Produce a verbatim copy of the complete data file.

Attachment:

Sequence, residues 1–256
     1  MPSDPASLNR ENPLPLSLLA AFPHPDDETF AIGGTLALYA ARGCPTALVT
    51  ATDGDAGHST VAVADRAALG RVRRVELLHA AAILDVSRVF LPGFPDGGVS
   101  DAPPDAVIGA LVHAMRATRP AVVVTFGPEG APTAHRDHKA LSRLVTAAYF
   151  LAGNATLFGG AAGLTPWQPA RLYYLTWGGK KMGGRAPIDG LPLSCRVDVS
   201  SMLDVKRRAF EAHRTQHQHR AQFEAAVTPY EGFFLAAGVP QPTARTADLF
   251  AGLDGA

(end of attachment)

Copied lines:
Sequence, residues 1–256
     1  MPSDPASLNR ENPLPLSLLA AFPHPDDETF AIGGTLALYA ARGCPTALVT
    51  ATDGDAGHST VAVADRAALG RVRRVELLHA AAILDVSRVF LPGFPDGGVS
   101  DAPPDAVIGA LVHAMRATRP AVVVTFGPEG APTAHRDHKA LSRLVTAAYF
   151  LAGNATLFGG AAGLTPWQPA RLYYLTWGGK KMGGRAPIDG LPLSCRVDVS
   201  SMLDVKRRAF EAHRTQHQHR AQFEAAVTPY EGFFLAAGVP QPTARTADLF
   251  AGLDGA